response.status = 200;
    response.body = products;

You can access the whole code from this Repository.

Run the DENO app:

Once you are good with everything, you can run the app in local and check if the endpoints are working as expected.

deno run -A server.ts

And you would see the app running in port 8001 , and you can access the endpoints as follows ,

Deno API

Step 2 : Create Azure Resources

Now we are good with the first step and you can see the app running successfully in local. As the next step let’s go ahead and deploy the app to Azure. Inorder to deploy the app, you need to create a Resource Group first.

Create a ResourceGroup Named Deno-Demo

You can navigate to Azure Portal and search for Resource Group in the search bar and create a new one as defined here!

Next step is to create the Web App , as we are going to deploy this app to a Linux environment, you can set the configuration as follows,

Web App Configuration

Step 3 : Deploy to Azure with Github Actions

One of the recent inventions by Github team that was loved by all developers were Github Actions. Personally i am a big fan of Github actions and i have published few posts earlier explaining the same. To configure the Github Action to our application, first you need to push the code to your github repository.

Create a deno.yml

To deploy the app , we first need to create the workflow under the actions. you can create a new workflow by navigating to Actions tab and create new workflow

New Workflow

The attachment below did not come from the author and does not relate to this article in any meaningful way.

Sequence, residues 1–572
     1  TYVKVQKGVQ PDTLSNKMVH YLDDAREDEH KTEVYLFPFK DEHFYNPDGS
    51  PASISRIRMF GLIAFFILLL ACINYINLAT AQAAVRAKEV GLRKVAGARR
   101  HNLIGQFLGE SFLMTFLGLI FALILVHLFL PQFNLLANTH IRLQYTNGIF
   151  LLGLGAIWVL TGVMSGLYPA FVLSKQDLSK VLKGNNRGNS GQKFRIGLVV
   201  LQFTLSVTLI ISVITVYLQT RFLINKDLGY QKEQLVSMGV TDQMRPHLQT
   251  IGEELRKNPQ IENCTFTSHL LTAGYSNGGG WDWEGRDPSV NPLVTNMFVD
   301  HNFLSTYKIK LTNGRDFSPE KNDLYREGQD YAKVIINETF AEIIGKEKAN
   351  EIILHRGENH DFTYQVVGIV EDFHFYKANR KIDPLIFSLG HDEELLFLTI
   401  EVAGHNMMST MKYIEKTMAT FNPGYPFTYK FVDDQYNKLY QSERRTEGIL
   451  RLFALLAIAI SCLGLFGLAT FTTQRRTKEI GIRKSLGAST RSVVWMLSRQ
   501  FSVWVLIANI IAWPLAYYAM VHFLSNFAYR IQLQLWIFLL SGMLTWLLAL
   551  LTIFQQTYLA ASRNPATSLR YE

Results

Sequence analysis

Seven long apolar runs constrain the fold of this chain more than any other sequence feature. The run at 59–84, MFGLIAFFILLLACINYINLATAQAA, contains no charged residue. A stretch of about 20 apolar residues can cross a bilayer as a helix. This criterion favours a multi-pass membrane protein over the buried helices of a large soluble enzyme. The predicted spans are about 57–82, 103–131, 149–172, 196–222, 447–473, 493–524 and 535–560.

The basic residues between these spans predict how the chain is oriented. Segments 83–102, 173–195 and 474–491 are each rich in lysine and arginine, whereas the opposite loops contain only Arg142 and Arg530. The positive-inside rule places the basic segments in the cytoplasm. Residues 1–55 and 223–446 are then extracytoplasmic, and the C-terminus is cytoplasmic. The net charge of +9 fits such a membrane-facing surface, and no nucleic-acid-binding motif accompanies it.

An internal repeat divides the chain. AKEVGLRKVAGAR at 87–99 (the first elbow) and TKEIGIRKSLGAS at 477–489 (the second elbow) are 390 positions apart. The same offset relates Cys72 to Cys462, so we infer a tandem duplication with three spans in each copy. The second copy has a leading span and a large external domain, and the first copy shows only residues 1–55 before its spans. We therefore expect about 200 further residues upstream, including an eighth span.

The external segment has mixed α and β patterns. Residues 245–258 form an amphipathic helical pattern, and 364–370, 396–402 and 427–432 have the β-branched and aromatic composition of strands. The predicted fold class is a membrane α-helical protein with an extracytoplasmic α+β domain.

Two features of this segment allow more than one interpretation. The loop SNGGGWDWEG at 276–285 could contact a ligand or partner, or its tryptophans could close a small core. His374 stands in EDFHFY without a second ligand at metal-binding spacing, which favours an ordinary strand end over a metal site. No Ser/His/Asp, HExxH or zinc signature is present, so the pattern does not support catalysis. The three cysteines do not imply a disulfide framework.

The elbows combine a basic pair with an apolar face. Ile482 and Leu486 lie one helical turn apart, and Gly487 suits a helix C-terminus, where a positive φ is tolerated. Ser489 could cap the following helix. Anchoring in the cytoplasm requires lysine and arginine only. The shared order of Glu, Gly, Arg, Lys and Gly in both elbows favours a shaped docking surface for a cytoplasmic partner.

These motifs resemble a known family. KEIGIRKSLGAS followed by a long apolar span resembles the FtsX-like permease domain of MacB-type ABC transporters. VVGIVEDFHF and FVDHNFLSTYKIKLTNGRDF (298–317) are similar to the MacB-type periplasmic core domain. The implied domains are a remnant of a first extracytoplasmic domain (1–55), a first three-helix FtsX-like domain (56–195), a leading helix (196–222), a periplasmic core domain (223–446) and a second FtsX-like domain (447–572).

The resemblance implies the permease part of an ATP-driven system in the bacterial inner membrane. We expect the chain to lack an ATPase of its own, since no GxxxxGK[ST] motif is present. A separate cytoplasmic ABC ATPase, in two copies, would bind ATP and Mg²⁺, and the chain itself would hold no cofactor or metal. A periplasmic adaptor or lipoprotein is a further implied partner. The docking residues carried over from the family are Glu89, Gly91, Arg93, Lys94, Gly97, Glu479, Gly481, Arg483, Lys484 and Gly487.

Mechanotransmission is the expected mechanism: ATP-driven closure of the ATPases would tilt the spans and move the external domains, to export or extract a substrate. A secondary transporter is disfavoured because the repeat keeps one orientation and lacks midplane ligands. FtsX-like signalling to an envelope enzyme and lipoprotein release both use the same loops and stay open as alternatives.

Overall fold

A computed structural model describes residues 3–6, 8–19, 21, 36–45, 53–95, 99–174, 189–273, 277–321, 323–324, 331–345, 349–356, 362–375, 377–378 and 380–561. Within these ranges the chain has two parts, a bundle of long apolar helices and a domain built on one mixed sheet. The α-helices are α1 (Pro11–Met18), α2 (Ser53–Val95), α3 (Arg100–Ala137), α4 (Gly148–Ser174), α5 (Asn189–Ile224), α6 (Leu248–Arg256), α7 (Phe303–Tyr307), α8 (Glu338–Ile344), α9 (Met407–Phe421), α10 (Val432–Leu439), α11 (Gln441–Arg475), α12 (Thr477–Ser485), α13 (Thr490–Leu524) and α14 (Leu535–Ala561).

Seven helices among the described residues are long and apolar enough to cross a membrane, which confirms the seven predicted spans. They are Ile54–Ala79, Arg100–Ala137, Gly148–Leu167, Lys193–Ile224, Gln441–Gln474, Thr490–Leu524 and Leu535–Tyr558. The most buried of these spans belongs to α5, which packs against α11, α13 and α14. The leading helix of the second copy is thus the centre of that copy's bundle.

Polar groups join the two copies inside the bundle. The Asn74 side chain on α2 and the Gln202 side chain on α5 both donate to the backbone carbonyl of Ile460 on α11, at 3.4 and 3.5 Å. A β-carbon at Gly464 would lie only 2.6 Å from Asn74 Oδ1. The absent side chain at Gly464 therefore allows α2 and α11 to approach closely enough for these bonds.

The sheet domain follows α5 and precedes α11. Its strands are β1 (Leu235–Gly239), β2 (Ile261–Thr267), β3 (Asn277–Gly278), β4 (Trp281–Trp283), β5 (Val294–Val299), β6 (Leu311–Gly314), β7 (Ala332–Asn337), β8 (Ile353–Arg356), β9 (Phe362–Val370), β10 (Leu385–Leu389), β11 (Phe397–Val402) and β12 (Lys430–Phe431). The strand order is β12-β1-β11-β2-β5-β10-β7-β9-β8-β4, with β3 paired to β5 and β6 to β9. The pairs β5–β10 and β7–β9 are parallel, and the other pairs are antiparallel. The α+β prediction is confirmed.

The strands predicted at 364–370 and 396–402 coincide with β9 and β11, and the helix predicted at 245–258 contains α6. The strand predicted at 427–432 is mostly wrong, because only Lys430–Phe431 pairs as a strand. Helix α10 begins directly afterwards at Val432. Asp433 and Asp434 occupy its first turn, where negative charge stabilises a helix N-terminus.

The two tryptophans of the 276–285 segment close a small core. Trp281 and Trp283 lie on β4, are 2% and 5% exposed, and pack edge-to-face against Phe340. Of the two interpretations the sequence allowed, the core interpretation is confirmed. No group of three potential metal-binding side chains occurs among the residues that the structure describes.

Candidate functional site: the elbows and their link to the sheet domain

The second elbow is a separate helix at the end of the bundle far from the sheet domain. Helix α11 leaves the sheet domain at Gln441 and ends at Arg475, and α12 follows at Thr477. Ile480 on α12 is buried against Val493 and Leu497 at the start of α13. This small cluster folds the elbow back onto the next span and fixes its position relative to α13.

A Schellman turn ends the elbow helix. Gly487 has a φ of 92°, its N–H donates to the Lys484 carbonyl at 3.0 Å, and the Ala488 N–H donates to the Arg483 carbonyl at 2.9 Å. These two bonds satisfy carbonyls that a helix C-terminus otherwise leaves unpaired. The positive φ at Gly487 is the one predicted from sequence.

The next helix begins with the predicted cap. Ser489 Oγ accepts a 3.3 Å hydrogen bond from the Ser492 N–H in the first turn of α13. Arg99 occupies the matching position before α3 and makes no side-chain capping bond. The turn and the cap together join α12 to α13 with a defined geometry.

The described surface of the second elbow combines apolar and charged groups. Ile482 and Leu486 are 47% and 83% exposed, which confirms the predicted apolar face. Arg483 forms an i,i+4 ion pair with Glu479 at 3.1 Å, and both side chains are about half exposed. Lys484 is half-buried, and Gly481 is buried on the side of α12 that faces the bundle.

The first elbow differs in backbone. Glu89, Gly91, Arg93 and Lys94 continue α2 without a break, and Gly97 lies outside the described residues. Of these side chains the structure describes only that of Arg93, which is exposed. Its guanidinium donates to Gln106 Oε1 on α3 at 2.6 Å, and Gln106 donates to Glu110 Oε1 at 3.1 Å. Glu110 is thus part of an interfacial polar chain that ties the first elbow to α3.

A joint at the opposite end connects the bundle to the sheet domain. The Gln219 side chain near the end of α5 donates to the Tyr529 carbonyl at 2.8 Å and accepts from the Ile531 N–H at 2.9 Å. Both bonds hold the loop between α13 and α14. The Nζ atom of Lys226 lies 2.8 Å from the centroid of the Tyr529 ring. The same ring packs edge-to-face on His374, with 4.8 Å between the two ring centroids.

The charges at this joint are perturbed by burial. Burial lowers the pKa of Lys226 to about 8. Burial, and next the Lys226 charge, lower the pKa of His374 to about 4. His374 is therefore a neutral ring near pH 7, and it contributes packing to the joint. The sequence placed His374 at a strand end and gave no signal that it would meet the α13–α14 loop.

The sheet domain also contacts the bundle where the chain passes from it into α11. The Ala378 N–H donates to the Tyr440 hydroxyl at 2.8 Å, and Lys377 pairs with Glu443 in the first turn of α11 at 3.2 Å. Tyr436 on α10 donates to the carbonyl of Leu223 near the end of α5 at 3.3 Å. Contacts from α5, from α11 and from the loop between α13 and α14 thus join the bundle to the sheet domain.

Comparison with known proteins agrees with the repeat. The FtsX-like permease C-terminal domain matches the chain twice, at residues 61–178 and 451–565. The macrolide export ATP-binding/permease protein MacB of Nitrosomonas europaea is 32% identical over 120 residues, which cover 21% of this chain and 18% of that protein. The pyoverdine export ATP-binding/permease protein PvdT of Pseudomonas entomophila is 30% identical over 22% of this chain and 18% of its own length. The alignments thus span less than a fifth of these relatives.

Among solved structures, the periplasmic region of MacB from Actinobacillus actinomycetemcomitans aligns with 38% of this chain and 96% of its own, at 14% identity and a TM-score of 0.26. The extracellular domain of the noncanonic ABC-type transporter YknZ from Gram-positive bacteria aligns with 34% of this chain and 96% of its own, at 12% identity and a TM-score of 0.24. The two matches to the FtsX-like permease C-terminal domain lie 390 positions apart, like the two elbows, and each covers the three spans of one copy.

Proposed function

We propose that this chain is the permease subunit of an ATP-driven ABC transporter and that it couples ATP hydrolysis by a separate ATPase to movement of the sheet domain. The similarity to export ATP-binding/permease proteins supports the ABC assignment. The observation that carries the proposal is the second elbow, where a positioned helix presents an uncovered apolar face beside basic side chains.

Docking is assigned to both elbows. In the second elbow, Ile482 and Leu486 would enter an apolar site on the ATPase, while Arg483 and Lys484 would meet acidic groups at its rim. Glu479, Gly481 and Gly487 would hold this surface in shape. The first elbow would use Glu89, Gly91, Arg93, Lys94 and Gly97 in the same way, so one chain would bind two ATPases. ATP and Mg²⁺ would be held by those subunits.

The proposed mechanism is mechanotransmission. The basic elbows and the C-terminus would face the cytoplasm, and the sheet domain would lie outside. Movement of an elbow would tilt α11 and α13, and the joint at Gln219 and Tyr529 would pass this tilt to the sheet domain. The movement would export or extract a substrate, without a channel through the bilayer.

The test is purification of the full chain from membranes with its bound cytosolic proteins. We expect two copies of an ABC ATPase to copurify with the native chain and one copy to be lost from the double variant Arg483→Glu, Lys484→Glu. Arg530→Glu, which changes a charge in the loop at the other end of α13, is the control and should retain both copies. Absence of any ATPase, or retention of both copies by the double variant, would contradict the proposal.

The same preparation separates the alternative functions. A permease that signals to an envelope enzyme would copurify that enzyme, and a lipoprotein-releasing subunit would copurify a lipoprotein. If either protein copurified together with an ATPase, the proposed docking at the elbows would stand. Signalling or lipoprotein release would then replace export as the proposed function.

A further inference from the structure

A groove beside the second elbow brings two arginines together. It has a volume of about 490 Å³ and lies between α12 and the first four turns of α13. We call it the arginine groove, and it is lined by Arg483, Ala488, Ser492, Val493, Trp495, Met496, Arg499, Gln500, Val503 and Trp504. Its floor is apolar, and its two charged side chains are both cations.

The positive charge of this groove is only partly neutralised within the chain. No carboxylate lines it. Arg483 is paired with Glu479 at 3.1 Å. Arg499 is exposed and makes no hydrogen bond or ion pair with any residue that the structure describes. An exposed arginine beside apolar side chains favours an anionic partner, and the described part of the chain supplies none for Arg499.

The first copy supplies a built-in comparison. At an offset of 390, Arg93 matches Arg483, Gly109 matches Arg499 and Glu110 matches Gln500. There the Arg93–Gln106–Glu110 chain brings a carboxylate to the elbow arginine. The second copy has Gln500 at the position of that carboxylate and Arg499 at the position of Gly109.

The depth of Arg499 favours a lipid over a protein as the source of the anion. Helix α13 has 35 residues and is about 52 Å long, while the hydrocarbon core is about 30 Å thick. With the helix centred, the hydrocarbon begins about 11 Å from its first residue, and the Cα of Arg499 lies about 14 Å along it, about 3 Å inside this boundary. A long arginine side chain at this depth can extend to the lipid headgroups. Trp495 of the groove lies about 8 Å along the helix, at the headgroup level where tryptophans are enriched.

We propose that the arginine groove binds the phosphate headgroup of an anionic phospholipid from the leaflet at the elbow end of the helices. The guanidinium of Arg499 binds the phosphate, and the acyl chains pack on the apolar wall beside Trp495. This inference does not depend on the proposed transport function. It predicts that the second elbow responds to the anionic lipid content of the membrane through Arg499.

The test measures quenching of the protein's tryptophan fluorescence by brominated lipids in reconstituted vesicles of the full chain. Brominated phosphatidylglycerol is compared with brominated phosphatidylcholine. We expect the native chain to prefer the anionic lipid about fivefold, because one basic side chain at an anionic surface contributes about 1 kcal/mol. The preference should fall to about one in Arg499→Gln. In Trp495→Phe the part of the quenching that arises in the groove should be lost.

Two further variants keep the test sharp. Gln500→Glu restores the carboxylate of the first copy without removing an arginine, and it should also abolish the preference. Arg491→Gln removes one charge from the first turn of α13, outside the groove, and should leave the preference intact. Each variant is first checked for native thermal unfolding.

I am assuming that you are familiar with important terms of Github Actions, if you are new you can explore here. In this particular example i will be using one package created by Anthony Chu who is a Program Manager in Azure functions team. And my deno.yml looks like below,

# A workflow run is made up of one or more jobs that can run sequentially or in parallel

    runs-on: ubuntu-latest
    - uses: actions/checkout@v2

    - uses: azure/login@v1.1
        creds: ${{ secrets.AZURE_CREDENTIALS }}
    - name: Set up Deno
      uses: denolib/setup-deno@master
        deno-version: 1.0.2

    - name: Bundle and zip Deno app
      run: |
        deno bundle server.ts server.bundle.js
        zip server.bundle.js
    - name: Deploy to Azure Web Apps
      uses: anthonychu/azure-webapps-deno-deploy@master
        app-name: denodemo
        resource-group: deno-demo
        script-file: server.bundle.js
        deno-version: "1.0.2"

One important thing you need to verify is the resource-group and the app-name as you created on Azure.

Also you need to add secrets of your application under secrets in Github repository. You can generate a new Service Principal and obtain the secret as below,

az ad sp create-for-rbac --name "deno-demo" --role contributor  --scopes /subscriptions/{SubscriptionID}/resourceGroups/deno-demo  --sdk-auth

It will generate a JSON like below,

Generate Service Principal

You can copy and paste the JSON under the secret named “AZURE_CREDENTIALS” ,

Add Secret

Now we are good with everything, you can update some file on the repository and see the workflow getting triggered. You can monitor the deployment by navigating to the workflow.

Workflow Execution

Once everything is successful you can navigate to Azure portal and open the Web App endpoint to see if the app is running successfully.

WebApp with Deno API

You can see the app running successfully on Azure.

Deno Web API on azure.

Final words

I really enjoyed learning about the Deno project and created this simple app. I hope this article can be of value for anyone getting started with Deno with Azure.  I see it Deno gaining in popularity, yes. However, I do not see it replacing NodeJS and npm based on several factors. If you found this article useful, or if you have any questions please reach out me on Twitter. Cheers!